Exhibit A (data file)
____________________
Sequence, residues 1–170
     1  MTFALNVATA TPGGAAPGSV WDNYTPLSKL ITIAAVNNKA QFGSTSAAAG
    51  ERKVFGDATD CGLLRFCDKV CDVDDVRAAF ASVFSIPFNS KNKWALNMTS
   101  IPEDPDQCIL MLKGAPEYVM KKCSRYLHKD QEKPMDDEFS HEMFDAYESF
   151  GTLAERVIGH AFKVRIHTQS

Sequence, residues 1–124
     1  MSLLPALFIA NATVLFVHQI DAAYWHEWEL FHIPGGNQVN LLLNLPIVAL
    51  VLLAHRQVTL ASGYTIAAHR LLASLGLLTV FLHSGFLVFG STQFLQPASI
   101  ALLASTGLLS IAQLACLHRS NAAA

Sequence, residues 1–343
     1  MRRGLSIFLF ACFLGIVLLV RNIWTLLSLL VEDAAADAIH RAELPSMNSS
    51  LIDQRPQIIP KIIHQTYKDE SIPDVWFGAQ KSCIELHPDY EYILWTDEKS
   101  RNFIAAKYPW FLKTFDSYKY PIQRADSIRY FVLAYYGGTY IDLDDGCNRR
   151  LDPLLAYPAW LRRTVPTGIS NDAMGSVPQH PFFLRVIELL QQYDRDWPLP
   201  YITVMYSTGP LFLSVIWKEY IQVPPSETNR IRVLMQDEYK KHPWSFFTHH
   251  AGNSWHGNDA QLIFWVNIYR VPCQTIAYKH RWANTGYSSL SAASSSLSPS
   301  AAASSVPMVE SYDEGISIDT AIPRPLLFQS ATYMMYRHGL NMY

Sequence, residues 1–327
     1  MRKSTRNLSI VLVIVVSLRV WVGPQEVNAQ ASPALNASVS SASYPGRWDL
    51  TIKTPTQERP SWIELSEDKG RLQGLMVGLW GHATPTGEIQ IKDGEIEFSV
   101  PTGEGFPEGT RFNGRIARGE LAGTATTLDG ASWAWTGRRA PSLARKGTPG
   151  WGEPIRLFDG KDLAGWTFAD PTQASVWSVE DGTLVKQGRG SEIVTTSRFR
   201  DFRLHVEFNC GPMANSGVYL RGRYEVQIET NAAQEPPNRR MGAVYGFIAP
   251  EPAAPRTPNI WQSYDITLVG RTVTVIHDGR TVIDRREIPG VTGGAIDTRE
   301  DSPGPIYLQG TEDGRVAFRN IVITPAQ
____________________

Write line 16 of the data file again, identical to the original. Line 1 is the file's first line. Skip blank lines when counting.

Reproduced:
   251  AGNSWHGNDA QLIFWVNIYR VPCQTIAYKH RWANTGYSSL SAASSSLSPS